|Sa E Silva, Mariana|
|Isakova Sivak, Irina|
Submitted to: International Poultry Scientific Forum
Publication Type: Abstract Only
Publication Acceptance Date: 10/1/2011
Publication Date: 1/23/2012
Citation: Sa E Silva, M., Rudenko, L., Isakova Sivak, I., Nguyen, T., Shu, Y., Cornelius, C., Donis, R., Swayne, D.E. 2012. Are vaccine viruses developed for pandemic preparedness a risk for poultry [abstract]. International Poultry Scientific Forum. p.73. Interpretive Summary:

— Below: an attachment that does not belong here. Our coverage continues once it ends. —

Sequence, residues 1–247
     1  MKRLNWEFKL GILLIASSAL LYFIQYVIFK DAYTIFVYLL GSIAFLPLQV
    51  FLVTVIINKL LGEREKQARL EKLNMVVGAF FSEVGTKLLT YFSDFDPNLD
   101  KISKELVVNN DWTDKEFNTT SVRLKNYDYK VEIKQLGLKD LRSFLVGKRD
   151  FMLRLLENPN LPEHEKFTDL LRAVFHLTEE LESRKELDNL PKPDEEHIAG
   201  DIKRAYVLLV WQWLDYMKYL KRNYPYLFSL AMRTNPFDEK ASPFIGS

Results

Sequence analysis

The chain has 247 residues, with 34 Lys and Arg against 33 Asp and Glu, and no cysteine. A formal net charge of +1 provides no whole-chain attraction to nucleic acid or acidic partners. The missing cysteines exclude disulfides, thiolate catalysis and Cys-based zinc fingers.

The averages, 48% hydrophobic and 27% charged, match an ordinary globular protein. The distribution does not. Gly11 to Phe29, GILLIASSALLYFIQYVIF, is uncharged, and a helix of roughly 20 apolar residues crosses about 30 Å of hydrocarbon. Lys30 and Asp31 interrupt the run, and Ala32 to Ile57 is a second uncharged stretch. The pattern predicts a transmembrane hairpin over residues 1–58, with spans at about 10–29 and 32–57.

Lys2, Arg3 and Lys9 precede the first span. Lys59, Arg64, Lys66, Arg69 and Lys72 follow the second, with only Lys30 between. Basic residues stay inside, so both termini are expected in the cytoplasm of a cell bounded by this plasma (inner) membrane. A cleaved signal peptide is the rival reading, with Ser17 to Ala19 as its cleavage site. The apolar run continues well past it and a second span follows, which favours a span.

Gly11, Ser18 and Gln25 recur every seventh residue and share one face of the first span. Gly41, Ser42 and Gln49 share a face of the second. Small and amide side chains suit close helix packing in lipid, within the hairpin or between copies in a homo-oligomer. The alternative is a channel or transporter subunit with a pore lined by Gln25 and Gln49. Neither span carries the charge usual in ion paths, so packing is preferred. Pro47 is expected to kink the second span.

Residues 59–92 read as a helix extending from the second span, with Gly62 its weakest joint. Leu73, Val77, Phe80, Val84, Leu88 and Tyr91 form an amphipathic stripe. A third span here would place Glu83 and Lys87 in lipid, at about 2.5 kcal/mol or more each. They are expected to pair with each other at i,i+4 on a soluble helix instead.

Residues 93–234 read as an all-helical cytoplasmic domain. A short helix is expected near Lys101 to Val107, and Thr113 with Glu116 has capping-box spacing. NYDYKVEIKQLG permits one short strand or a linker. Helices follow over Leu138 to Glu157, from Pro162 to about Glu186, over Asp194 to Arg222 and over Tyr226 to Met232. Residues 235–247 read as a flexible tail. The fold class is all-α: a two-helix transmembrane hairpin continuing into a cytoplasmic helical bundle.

Technical Abstract: Highly pathogenic avian influenza (HPAI) viruses are important agricultural pathogens and some have been transmitted to humans, especially H5N1, causing severe disease and death. Various HPAI viruses have the potential to become pandemic, and therefore national and international public health organizations are developing vaccine seed viruses that match the antigenic characteristics of the circulating viruses. These viruses are derived by reverse genetics to: i) include A/Puerto Rico/8/34 (PR8) genes that maximize their growth in eggs; and ii) delete the hemagglutinin (HA) polybasic cleavage site to minimize their pathogenicity. We evaluated HPAI vaccine candidate viruses to assess their virulence and infectivity for 4-to-6 week old chickens, by intravenous (IV) inoculation of 10 specific-pathogen-free chickens to determine the intravenous pathogenicity index (IVPI) per OIE protocol, which records clinical signs/death for 10 days. Another group of 10 birds was inoculated intranasally (IN). At 2 or 3 days post challenge, oropharyngeal and cloacal swabs are collected from all IN-challenged, and two are euthanized and tissues were collected for histopathology, immunohistochemistry (IHC), and virus isolation. At 14 days post challenge, birds were euthanized and bleed for serology, with agar gel immune diffusion or enzyme-linked immunosorbent assay (ELISA) test used to evaluate anti-influenza antibodies. Six recombinant viruses (subtypes H5N1, H5N2) and one wild type (H5N1) were tested. None of the vaccine candidate viruses showed evidence of infection after IN challenge (no virus isolated in tissue samples at 3 dpi, shedding, no detectable antibodies, no clinical signs or lesions), neither the IV challenge group showed any evidence of clinical disease. The wild type H5N1 was the only one to replicate, induce 100% mortality, virus shedding, typical lesions and immunohistochemical (IHC) antigen detection in tissues after IN challenge. The reassortment of avian viruses with a PR8 backbone, associated with the deletion of the cleavage site reduces the virulence inhibiting the ability of the viruses to infect chickens, generating safe vaccines that represent minimal risk for the poultry industry.